Weddell seal



Weddell seals are some of the southern-most living mammals in the world. This probably gives you a good idea of where they live, but the specifics will come later. The adults, like the one shown above, are dark gray or black on top with lighter speckles. The cream and light gray speckles are on the animal’s neck, sides, and abdomen. While most of the Weddell seals are this color, some of them are a lighter color everywhere, and some are even mostly brown. There is not much difference between the markings on males and females other than what is also seen in the same gender. These seals have very short front flippers which are not easy to see in the above picture. They may seem useless, but the large black claws on the end of them are useful for gripping the ice. Weddell seals are considered true seals because they have no outer ear. This makes their body more streamlined and helps them be faster underwater.


These seals are very different from most other seals because the females are actually larger than the males. For most other seals the males are much larger than the females, up to ten times their size! Females may be up to eleven feet (3.3 m) long, and males are “only” about nine and a half feet (2.9 m) long. You probably expect an animal this large to weigh a lot, and the Weddell seal does not disappoint. The adults range from 880 to 1,320 pounds (400-600 kg). The females are heavier than the males, but I do not have specific weight for males and females. According to National Geographic, the average weight for the adults is about 1,200 pounds (544 kg).

Diet and hunting

Weddell seals feed mainly on a wide variety of fish, but they will also eat squid, octopus, crustaceans, and even penguins. Because these seals are large, they are not deterred by large fish. They have been seen attacking fish that weigh up to 120 pounds (54 kg)! Weddell seals have developed an interesting hunting method. Sometimes when fish are hiding in cracks in the ice, the seal will blow air into the cracks. This scares the fish out, and they swim right into the waiting seal’s mouth. During a dive to hunt for food, Weddell seals can stay under water for up to 80 minutes at a times, and they sometimes dive as deep as 2,000 feet (600 m) below the surface! Sometimes they will dive beneath the ice and use their sharp teeth to create breathing holes in the ice above them. Weddell seals have been known to swim up to three miles (5 km) away from these holes while hunting!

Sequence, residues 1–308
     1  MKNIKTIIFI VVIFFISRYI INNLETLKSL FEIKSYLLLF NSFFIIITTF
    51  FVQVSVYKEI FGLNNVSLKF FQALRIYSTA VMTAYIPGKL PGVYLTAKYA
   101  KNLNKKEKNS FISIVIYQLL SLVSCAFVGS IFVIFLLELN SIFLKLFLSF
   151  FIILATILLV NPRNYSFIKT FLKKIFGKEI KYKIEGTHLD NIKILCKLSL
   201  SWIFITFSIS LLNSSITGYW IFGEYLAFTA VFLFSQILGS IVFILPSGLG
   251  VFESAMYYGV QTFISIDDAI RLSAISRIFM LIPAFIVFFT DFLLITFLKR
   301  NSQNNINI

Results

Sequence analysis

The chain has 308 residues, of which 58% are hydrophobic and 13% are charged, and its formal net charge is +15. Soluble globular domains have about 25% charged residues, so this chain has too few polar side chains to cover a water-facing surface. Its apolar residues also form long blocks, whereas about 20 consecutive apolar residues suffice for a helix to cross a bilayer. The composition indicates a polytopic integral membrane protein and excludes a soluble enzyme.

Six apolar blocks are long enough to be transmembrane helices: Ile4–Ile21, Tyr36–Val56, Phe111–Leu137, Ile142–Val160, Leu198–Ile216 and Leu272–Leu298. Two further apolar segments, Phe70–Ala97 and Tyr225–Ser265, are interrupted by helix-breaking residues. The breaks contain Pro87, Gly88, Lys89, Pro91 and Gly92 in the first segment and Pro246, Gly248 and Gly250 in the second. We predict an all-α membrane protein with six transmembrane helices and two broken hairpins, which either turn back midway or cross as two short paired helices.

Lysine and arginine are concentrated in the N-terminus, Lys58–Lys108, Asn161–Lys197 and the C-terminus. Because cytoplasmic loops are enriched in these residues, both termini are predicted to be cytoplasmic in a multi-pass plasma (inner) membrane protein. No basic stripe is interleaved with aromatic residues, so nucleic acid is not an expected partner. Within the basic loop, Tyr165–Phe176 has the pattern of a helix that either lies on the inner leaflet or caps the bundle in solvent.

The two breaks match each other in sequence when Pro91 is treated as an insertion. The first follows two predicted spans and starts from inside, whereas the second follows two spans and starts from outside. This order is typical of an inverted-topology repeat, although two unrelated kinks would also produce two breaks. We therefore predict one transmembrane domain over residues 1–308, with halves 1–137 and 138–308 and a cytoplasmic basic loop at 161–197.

Habitat and range

Weddell seals live mostly in the oceans around Antarctica. The white in the map below is Antarctica, and the pink is the range of this seal. There is some debate as to whether these animals are migratory or not. There are reports of individuals in the very southern portion of South America (at about 10 o’clock in the map below). It is unknown if the Weddell seals seen there were migrating there or had just wandered a long way.


Weddell seals generally spend their time near the shore. When they venture farther away from the Antarctic mainland, they will rest on ice pieces and islands.

Status and threats

These seals are classified as least Concern on the IUCN Redlist. There are a few natural predators of the Weddell seal, but not many due to their size. Killer whales and leopard seals are the only two natural threats that I could find that these animals face. Humans do not hunt Weddell seals, so that is one plus for these animals, but we do fish for krill and antarctic fish. This is bad for these seals because they eat the animals we fish for. Some diseases also pose a minor threat to the population of this seal, and Antarctic tourism disturbs them.


Weddell seals usually mate while in the water. Mating season occurs from mid-November to December. The females seals are pregnant for 9-10 months before they give birth to a single pup. This normally occurs in September or October. Individuals that live farther south normally give birth later.  These seals normally give birth while on the ice, making the pups go from warm to cold very fast. This may seem odd, but given the Weddell seal’s range, it actually isn’t that surprising. Newborns weigh about 66 pounds (20 kg) and have light gray fur. Within three or four weeks, their coat turns to a darker gray, like the seal pictured above has. The pups are weaned by the time they are six to seven weeks old, and they are then completely on their own. Females normally mate for the first time at three years of age; the males usually mate first at six to eight years old. Adult Weddell seals have been known to reach their mid twenties with some surviving the storms.

Don’t forget to scroll down and comment your guess about what the next animal is!

mystery animal


Photo credits:

  • Weddell seal – Jerzystrzelecki
  • Weddell seal range – Wldland
  • Mystery animal – Noel Reynolds

One Response

  1. Grandpa M
    Grandpa M at |

    Stellar blue jay

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